Many guides to New York City suggest taking a scenic ride through Central Park in a horse drawn carriage. But some animal rights groups say these anachronisms will be entirely in the city's past.
That's because Mayor-elect Bill De Blasio has been a supporter of banning the horse drawn carriages in Midtown. Politico reports that it's still unclear how the new mayor's policy will unfold:
"De Blasio aides declined to provide details about the mayor-elect's work on the issue during the transition, saying only that he is committed to following through on the ban. He attended a fundraiser hosted by animal rights group NYCLASS earlier this month, reportedly receiving a bronze horse statue for his support."
NYCLASS, or New Yorkers for Clean, Livable and Safe Streets, is one of the organizations leading the charge to ban the horse carriage industry. NYCLASS says that New York's carriage horses don't have proper pasture, are exposed to exhaust fumes and are overworked. The organization also says that horses are easily "spooked," which leads to unnecessary traffic accidents.
A carriage driver was charged with animal abuse earlier this month, after a police officer discovered the horse was pulling a carriage while injured.
Even in the absence of outright abuse, horse and carriage rides in the city are a controversial topic. There are roughly 200 horses in Manhattan's carriage industry, employing about 300 workers and bringing in $19 million annually. The drivers, members of the Teamsters union, are understandably fighting for their jobs and many take pride in caring for their animals, as my colleague Jaymi Heimbuch pointed out in 2011:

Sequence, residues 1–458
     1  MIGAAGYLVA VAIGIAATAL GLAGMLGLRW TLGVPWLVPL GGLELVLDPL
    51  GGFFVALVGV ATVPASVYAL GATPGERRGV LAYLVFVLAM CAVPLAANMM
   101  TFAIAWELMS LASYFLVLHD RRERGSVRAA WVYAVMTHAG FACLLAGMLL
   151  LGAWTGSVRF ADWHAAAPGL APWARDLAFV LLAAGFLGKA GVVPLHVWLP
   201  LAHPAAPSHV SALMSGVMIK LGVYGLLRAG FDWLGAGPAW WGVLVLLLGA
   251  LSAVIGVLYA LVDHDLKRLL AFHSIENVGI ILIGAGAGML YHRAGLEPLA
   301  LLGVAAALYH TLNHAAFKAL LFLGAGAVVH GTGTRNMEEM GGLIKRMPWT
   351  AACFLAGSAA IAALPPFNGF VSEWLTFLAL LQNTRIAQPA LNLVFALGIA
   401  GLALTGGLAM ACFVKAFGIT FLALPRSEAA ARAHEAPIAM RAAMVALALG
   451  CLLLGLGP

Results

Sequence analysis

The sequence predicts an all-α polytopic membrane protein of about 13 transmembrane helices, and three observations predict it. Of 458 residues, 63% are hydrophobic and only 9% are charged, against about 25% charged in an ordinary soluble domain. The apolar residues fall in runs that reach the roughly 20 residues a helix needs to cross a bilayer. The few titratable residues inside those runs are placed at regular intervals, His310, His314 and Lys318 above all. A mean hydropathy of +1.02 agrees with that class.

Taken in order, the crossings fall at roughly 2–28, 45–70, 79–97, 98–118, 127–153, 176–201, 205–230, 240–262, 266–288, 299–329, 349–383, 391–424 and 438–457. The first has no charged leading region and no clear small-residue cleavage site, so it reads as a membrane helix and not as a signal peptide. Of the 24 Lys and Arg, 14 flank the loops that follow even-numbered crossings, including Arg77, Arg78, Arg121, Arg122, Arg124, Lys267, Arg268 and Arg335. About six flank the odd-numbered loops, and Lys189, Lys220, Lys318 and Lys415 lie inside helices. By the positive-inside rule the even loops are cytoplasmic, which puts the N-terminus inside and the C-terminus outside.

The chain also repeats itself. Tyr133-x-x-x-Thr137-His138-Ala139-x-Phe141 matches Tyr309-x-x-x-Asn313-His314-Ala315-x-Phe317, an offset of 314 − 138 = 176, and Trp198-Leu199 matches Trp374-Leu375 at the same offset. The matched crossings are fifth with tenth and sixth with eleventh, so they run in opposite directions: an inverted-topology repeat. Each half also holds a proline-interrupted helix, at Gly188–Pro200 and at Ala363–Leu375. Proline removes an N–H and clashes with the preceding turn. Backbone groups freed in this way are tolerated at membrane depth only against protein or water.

"Recently I visited New York City and made a beeline for the carriage horses just to be near the animals I love so much. And, I've got to say, they looked quite well cared for.
There was no sign of ill health or neglect among these animals that I could detect, and I stared at about five horses for awhile because I was photographing them. There was a sense of pride from the drivers toward their horses, and no one who is abusing their horse would allow a photographer to spend 20 minutes or more aiming a lens at their horse. It seemed clear that the carriage drivers I was around had nothing to hide, and considering they are in a very, very public place day in and day out, they'd better have nothing to hide."
NYCLASS and the American Society for the Prevention of Cruelty to Animals both support proposed legislation that would phase out the use of horse-and-carriage rides, and replace them with vintage-style electric cars. A similar bill was defeated in 2010, but NYCLASS has since commissioned a prototype car.
Yet it's unlikely that vintage cars could replace or attract the current carriage drivers, union officer Demos Demopoulos told Polico. "These are all horse people," he said.
In the run-up to the election, DNAinfo reports that De Blasio seemed to be in favor of the legislation that would replace the horses with electric cars:
“It's time for the city to stop sidestepping this important animal welfare issue and embrace a reasonable solution that is worth testing,” he added. “We have absolutely nothing to lose by trying.”